Pulmonary Rehabilitation and Knowledge Translation into Care and Life

Exacerbations of Chronic Obstructive Pulmonary Disease, particularly when resulting in hospitalization represent important events on both an individual and population level. In the stable state Pulmonary Rehabilitation has been shown to be one of the most efficacious treatments and is firmly established as a central therapy in standard practice. Over the past ten years, post-exacerbation Outpatient Pulmonary Rehabilitation has developed and the crucial role it plays is reflected within a recent Cochrane review by Puhan et al. (2011) followed by a later published Randomised Control Trial by Ko et al. (2011), stating that Pulmonary Rehabilitation delivered within three weeks of COPD exacerbations significantly reduces short term risk of future hospital admissions, improves health related quality of life and short term exercise capacity measured by the Six Minute Walk Test (6MWT) and Incremental Shuttle Walk Test (ISWT). All results were of statistical significance. Furthermore it is important to note that there were no adverse events or excess mortality seen in post-exacerbation Pulmonary Rehabilitation compared with usual care. Non-surprisingly international guidance (BTS 2013, Spruit et al 2013) recommends that Pulmonary Rehabilitation be offered to patients at discharge following an exacerbation of COPD to commence within one month.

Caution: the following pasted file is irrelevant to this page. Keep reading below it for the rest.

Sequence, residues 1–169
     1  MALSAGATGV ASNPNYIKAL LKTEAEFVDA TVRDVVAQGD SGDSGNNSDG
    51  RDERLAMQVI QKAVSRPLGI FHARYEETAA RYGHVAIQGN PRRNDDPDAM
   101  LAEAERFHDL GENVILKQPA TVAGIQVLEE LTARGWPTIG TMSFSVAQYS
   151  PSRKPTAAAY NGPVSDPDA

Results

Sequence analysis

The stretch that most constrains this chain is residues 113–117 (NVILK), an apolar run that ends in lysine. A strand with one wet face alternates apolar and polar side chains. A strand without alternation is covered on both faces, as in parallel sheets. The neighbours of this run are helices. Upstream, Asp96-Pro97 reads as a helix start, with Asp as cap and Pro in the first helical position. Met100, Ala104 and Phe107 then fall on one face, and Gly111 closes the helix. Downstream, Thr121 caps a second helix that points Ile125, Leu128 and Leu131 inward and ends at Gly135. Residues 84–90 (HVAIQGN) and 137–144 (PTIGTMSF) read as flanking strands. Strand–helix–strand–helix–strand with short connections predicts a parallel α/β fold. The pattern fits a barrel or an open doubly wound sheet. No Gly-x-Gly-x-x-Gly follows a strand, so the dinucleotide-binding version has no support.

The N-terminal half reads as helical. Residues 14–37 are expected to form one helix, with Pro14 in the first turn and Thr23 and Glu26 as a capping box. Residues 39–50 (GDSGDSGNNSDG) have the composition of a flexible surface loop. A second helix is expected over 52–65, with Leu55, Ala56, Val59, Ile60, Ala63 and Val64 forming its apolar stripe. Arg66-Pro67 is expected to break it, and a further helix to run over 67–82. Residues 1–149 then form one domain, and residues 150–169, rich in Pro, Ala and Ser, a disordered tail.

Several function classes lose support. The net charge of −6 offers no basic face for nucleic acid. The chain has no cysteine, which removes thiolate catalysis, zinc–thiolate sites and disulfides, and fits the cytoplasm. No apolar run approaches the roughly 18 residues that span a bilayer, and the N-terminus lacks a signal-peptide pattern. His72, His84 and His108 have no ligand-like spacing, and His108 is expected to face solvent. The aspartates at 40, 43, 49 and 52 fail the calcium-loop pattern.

One of the most consistent findings from clinical and 
health services research is the failure to translate research into practice and policy. As a result of these evidence-practice and policy gaps, patients fail to benefit optimally from advances in healthcare while healthcare systems are exposed to unnecessary expenditure resulting in significant opportunity costs. Unfortunately we are unable to evaluate how well post exacerbation Pulmonary Rehabilitation is being implemented in line with internationally recognized guidelines on a local level, however evidence suggests that despite such benefits only 31% of eligible patients are indeed referred and for those that do attend it has been appreciated that this comprises the minority of the COPD population, with a 90% non-completion rate highlighted within a clinical audit over a 12 month period, the only study to date to examine referral, uptake and adherence amongst COPD patients post exacerbation.

To my knowledge there have been no similar existing projects undertaken using a method of co-production to facilitate the implementation of international guidance into practice for post-exacerbation Pulmonary Rehabilitation. I envisage that my project will contribute to addressing the knowledge gap that exists when exploring solutions to facilitate referral and uptake, thus providing a foundation from which others can base their research or indeed apply the findings to enhance the delivery of their own services locally. Furthermore given that there are many mining villages surrounding Doncaster Royal Infirmary and Montagu Hospital and how this may influence socio-economic status one may suggest that the information gleamed will be of value to other localities with similar patient populations since these patients are likely to be influenced by similar barriers to uptake (Cox et al. 2017).

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